The Young Vic is a theatre on the Cut, located near the South Bank, in the London Borough of Lambeth. Kwame Kwei-Armah has been the theatre's artistic director since February 2018, succeeding David Lan. Its philosophy is to "produce great plays for great audiences now and in the future".
In the period after World War II, a Young Vic Company was formed in 1946 by director George Devine as an offshoot of the Old Vic Theatre School for the purpose of performing classic plays for audiences aged nine to fifteen.
This was discontinued in 1948 when Devine and the entire faculty resigned from the Old Vic, but in 1969 Frank Dunlop became founder-director of The Young Vic theatre with his free adaptation of Molière's The Cheats of Scapin, presented at the new venue as a National Theatre production, opening on 11 September 1970 and starring Jim Dale in the title role with designs by Carl Toms (decor) and Maria Bjornson (costumes).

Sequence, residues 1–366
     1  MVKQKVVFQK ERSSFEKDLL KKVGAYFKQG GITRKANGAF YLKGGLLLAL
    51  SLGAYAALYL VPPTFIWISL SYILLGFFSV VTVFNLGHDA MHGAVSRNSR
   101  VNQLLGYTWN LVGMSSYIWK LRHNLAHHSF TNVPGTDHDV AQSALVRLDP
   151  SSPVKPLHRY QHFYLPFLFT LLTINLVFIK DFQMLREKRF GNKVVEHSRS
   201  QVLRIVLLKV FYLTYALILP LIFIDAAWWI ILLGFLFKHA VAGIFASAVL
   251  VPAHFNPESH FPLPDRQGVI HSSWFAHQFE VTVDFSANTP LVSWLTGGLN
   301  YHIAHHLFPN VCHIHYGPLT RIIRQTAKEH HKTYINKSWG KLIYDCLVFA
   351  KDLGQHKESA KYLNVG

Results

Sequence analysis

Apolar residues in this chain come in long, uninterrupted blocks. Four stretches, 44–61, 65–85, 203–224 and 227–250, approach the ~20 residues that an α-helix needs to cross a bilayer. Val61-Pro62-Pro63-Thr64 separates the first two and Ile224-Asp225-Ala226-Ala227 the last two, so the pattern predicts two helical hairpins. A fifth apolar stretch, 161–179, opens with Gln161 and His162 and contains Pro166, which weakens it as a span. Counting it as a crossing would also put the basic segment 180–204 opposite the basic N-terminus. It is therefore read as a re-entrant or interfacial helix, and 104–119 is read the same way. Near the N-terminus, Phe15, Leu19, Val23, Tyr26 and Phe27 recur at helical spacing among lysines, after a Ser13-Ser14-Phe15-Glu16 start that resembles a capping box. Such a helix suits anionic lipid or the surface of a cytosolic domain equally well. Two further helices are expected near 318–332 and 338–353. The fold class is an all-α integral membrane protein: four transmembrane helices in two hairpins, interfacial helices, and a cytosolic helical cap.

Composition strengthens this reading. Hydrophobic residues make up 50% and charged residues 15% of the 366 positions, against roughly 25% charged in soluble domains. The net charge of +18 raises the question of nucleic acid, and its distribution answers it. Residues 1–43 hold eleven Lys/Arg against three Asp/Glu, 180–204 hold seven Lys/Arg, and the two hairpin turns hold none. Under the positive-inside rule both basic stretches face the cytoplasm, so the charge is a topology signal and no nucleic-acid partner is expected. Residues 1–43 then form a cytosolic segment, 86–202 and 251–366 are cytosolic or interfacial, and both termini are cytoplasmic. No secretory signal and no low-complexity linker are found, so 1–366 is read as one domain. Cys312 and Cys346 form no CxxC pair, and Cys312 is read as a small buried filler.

In the words of Laurence Olivier, then director of the National Theatre: "Here we think to develop plays for young audiences, an experimental workshop for authors, actors and producers." The aim was to create an accessible theatre which offered high quality at low cost in an informal environment. The aim was to appeal to young audiences, but this time not specifically to children.
Frank Dunlop completed creation of the theatre venue in 1970, a breeze-block building on The Cut constructed out of a former butcher's shop and an adjacent bomb-site. It was intended to last for five years, but has become permanent.
The auditorium, with a thrust stage, has a capacity of 420. The configuration can vary depending on the needs of each production.